I never saw a Purple Cow,
I never hope to see one;
But I can tell you, anyhow,
I’d rather see than be one.

The full title is “The Purple Cow: Reflections on a Mythic Beast Who’s Quite Remarkable, at Least.” Most people leave off the second line of the title.

Pity too because that’s where the essence of Burgess’ poem lies. A purple cow stands out, a Mythic Beast Who’s Quite Remarkable. Most people don’t want to be Purple Cows. Conformity is comfortable.

The poem appeared in the first edition of his humorous little magazine The Lark in 1895. It’s fun. It’s silly and that was Burgess’ trademark.

I’ve quoted the words a gazillion times myself. As did United States President Harry S. Truman when asked if he’d ever seen a UFO. He substituted UFO for the purple cow.

But Burgess tired of the poem’s popularity and pinned this rebuttal, which he published in The Lark three years later.

Ah, yes, I wrote the “Purple Cow”—
I’m Sorry, now, I wrote it;
But I can tell you Anyhow
I’ll Kill you if you Quote it!

Maybe Burgess didn’t personally want to be considered remarkable. In reality, he was. Some say his works inspired Dr. Seuss.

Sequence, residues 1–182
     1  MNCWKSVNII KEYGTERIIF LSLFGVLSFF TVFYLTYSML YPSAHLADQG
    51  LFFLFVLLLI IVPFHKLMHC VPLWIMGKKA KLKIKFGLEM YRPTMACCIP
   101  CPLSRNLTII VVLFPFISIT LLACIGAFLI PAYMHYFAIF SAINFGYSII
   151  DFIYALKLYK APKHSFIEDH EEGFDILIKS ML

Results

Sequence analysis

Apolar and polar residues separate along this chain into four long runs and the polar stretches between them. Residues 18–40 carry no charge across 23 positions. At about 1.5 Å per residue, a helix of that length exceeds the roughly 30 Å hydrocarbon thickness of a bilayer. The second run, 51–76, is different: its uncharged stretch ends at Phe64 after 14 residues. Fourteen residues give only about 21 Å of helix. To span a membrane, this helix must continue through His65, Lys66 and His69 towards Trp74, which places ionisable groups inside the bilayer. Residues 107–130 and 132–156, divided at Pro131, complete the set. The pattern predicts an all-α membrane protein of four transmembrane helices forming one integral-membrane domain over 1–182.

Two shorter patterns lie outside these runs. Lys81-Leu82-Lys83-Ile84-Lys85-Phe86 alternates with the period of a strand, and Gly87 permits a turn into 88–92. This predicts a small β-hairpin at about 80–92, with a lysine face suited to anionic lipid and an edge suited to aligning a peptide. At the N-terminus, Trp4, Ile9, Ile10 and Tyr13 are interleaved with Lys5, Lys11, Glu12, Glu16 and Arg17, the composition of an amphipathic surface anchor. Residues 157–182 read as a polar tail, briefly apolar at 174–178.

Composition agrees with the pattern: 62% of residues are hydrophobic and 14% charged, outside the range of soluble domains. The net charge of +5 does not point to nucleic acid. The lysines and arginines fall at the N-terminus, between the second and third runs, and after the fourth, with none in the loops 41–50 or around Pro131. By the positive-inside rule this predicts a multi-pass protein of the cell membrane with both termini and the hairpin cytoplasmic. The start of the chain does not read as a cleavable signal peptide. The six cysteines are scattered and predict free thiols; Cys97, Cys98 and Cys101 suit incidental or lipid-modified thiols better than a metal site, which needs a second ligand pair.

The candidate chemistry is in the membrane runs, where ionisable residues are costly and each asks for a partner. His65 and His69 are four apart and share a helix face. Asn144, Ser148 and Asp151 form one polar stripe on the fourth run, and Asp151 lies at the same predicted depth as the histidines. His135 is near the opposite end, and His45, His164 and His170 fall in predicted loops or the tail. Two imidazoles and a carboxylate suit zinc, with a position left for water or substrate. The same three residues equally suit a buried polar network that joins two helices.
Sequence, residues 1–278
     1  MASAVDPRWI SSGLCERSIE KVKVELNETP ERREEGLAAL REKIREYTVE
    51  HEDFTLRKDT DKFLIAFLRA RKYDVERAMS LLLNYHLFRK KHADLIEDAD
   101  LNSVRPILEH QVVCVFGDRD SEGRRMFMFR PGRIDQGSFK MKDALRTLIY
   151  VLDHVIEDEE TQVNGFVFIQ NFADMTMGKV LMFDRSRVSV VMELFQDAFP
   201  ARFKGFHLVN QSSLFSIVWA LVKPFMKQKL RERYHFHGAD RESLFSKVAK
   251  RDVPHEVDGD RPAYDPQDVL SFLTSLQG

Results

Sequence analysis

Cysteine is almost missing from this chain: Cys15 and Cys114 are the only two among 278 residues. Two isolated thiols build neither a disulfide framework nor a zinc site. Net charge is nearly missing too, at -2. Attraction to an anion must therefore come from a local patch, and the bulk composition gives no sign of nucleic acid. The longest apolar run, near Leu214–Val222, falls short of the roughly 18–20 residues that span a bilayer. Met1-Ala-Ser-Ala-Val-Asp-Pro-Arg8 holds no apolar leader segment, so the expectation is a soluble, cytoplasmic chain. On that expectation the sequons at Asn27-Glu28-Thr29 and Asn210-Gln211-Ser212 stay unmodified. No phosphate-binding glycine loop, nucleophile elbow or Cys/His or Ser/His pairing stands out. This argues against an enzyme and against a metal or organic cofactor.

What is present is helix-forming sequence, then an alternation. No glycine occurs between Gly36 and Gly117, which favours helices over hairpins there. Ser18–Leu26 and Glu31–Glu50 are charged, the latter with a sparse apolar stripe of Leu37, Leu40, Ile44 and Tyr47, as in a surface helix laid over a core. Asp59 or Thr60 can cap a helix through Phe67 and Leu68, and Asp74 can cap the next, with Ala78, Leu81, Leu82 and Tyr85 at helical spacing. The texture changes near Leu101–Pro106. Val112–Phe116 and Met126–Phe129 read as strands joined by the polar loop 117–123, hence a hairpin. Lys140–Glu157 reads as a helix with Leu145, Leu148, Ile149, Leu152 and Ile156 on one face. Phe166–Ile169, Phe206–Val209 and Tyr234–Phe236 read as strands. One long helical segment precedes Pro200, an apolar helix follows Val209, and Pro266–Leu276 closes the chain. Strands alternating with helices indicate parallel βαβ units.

The Gelett Burgess Center for creative expression, organized to honor his creativity, gives The Gelett Burgess Children’s Book Awards yearly. It’s not the Caldecott, but still a prestigious honor for a children’s book.

Burgess also coined the word blurb in 1907. He introduced the term on the cover copy of his book, Are You a Bromide? using a quote from Miss Belinda Blurb.

His definition is “a flamboyant advertisement; an inspired testimonial.” I’m not sure such a blurb on a book in our 21st century would be as well received.What do you think?

16 07, 2021

Messy Eaters

By |2021-07-14T06:02:51-05:00July 16th, 2021|Uncategorized|0 Comments

A Blog by Chicken Wrangler Sara


Marv, our first dog, was a lab/hound mix that lived outside. We put his food in a bowl but as he got bigger, he started picking the full bowl up and flinging the food all over the back patio. We finally gave up on the bowl and just dumped the food on the patio. Marv never went hungry.

Max, our youngest dachshund, is an inside dog. He also throws his food on the floor. He can’t pick the bowl up, so he uses his tongue to fling the food all around the bowl.

Dogs are not the only messy eaters.

Alex, our grandson who just turned one, is also a messy eater.

The difference is Alex is a very cute messy eater.

He makes me smile.

5 04, 2021

Who knew April is NATIONAL POETRY MONTH?

By |2021-04-03T07:34:31-05:00April 5th, 2021|Uncategorized|0 Comments

I didn’t.

Seems back in 1996 the Academy of American Poet established the tradition to highlight American poets and encourage people about the pleasure of reading poetry. It’s all explained on their website.